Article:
Are the MMB's tighter as far as distance dispersion than the TS-2's? That's what I would expect.
    Is it a matter of spin? I would think the TS-2 would spin less, and that could result in looser distance control. Not from the standpoint of sticking near the landing spot, but from the fact that spin reduction probably makes for more variation in carry distance.

    Driver 915 D2
    5W Wilson Fybrid
    4h, 5h Adams Idea Tech 2015
    5-AW Snake Eyes Viper MS, graphite
    58º Callaway MD2 Forged S grind
    Putter TM Rossa Daytona 6
  • cardoustiecardoustie haha, we don't play for 5's Members Posts: 11,854 ✭✭

    I think if people simply understood that today's 7 is the old 5 in terms of both loft and length it would be simple (and in most cases a lighter shaft)
    But, Joe avg golfer loves to yap that is 7 went 190. It's because the pro's hit the 7 iron ~ 190. Everyone wants to be Tiger or DJ or JT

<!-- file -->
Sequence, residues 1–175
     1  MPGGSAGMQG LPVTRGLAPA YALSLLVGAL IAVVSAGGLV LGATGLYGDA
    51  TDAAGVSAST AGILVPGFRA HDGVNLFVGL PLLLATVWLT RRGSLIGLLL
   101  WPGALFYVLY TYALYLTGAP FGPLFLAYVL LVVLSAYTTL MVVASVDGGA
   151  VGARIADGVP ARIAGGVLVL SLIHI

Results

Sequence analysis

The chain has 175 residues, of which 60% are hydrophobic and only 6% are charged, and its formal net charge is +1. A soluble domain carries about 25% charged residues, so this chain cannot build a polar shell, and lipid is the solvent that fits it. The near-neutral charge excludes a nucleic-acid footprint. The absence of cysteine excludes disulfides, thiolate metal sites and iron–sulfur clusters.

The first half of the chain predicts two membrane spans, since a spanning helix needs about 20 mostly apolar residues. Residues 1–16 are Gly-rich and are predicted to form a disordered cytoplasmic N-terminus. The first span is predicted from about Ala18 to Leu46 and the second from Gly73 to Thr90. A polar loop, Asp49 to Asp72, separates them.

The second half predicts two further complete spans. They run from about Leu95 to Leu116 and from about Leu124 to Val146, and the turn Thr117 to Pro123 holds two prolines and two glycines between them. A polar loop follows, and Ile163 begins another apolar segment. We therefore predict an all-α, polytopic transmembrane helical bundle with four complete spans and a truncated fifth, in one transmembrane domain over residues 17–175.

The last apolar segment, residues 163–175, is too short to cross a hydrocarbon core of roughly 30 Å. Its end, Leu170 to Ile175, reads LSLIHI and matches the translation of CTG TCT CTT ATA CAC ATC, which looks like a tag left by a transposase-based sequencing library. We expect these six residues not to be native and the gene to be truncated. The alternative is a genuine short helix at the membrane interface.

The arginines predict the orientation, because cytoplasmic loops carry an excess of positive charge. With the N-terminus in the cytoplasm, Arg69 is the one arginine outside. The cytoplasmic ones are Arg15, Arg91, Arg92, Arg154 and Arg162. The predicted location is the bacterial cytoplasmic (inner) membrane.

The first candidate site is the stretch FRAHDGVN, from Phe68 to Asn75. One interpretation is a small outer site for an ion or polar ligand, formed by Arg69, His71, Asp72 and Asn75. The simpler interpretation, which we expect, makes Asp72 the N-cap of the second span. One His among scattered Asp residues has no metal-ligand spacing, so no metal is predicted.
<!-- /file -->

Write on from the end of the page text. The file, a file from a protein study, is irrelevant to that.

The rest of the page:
The trend I am seeing is more hybrids, then some SGI 4, 5, 6 irons and then use whatever you want from 7 to PW

    Ping G400 LST 11* Oban Revenge 65x
    Ping G400 5w 16.5* Oban Kiyoshi White 65s
    Ping G25 7w 20* Fubuki Tour 73x
    Ping G25 4h 23* Diamana White 92s
    Callaway Apex 5h 26* Mitsu KK 80s
    Ping s55 6-PW Fujikura mci 100s
    Vokey sm2 50* 54* 59* 64* DG s400 Onyx
    Piretti Matera Elite (torched)
  • PowderedToastManPowderedToastMan Members Posts: 3,801 ✭✭

    I think there are flaws in old school and new lofts. Lofts with the longer clubs have always tended to be too close together.

    I think a 22 degree 4 iron and a 48 degree PW with equal gaps in between would be the perfect set of irons (set of 7) and a nice blend of traditional and current loft setups.